How do spine conditions develop between the vertebrae?

The individual vertebrae that form the spinal column and protect the spinal cord have parts that link them together while also having openings between them that allow nerve roots to exit and travel out to the rest of the body. These parts between the vertebrae, including the spinal discs and facet joints, endure a large amount of pressure and stress on a daily basis, making these areas prone to the development of conditions that can be the source of potentially debilitating pain and other symptoms.

Whether you have been diagnosed with a spine condition or are researching the possible causes of neck and back pain, the following information can help you be more engaged with the treatment process. This knowledge can help you work more closely with your doctor to develop an effective treatment plan to get you back to a healthy and active lifestyle.

Issues that can occur between the vertebrae

The spinal nerves that send signals to the rest of the body exit through small openings between the vertebrae, called foramina, which can be easily constricted by a damaged disc or inflamed joint. However, issues with the discs or joints between the vertebrae can be difficult to diagnose because the symptoms often travel along the nerve pathway to a different part of the body. The location of symptoms experienced depends on the specific location of nerve compression in the spinal column:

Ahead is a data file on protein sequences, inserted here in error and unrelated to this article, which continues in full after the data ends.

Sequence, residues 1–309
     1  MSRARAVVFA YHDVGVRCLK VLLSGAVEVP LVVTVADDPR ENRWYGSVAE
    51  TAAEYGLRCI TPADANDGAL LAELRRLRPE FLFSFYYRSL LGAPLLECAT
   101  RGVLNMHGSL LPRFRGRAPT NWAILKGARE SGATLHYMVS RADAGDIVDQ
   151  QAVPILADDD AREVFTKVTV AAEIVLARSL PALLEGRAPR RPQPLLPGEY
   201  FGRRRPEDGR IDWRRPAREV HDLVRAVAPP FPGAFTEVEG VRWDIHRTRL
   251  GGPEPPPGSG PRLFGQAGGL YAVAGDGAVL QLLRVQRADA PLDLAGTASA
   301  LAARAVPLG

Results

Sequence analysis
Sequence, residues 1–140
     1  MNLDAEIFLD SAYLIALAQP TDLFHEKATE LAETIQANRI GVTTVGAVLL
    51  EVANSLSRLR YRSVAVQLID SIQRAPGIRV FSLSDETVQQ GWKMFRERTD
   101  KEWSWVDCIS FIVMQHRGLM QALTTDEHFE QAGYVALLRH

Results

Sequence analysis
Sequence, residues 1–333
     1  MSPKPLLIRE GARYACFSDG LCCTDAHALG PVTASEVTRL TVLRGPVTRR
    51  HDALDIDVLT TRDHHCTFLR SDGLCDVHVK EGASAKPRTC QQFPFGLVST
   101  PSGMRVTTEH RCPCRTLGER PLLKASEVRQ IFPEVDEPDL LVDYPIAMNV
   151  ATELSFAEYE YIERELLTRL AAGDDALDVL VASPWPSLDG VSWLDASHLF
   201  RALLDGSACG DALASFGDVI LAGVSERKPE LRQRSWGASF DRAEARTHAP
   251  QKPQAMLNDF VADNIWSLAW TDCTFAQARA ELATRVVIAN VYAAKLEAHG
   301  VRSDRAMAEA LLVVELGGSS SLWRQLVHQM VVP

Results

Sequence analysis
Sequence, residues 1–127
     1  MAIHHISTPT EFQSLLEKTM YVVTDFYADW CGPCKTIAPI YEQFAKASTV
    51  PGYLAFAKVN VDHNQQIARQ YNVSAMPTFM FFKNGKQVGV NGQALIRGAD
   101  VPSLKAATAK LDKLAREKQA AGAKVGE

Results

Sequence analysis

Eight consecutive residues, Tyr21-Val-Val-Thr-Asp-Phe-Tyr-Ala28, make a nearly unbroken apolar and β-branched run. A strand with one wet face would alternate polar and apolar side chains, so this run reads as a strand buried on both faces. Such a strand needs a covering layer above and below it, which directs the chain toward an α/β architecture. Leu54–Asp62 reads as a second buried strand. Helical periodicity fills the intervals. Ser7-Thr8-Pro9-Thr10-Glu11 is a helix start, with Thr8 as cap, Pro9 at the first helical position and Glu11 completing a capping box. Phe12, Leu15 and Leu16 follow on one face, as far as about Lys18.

• Cervical (upper) vertebrae. This is the portion of the spine in the neck and upper back which may produce symptoms of pain, weakness, tingling or numbness that spread into the shoulders, arms and hands.
  • Thoracic (middle) vertebrae. This is the portion of the spine in the middle back — between the base of the neck and the bottom of the rib cage — which may produce symptoms around the rib cage, near the kidneys or in the pelvic region.
  • Lumbar (lower) vertebrae. This is the portion of the spine in the lower back which may produce symptoms that radiate through the buttocks, down the legs and then wrap around the calf and into the feet and toes.

Treatment options for spine conditions

If you’re experiencing any of the above symptoms, it’s possible that there is an issue with a disc, joint or between the vertebrae. Schedule an appointment with your doctor to receive diagnosis and treatment advice. For many patients, conservative treatments such as medication, physical therapy, exercise, hot/cold therapy or other treatments may help relieve the pain from a spine condition. However, if you’re experiencing chronic disc pain and a reduced quality of life, it may be time to consider spine surgery.

Laser Spine Institute provides minimally invasive decompression and minimally invasive stabilization procedures on an outpatient basis, meaning our patients can experience a shorter recovery period^ and reduced risk of complication compared to traditional open neck or back surgery. Contact Laser Spine Institute and our dedicated team today for more information.

We offer a no-cost MRI review* to help you find out if you are a potential candidate for one of our outpatient procedures.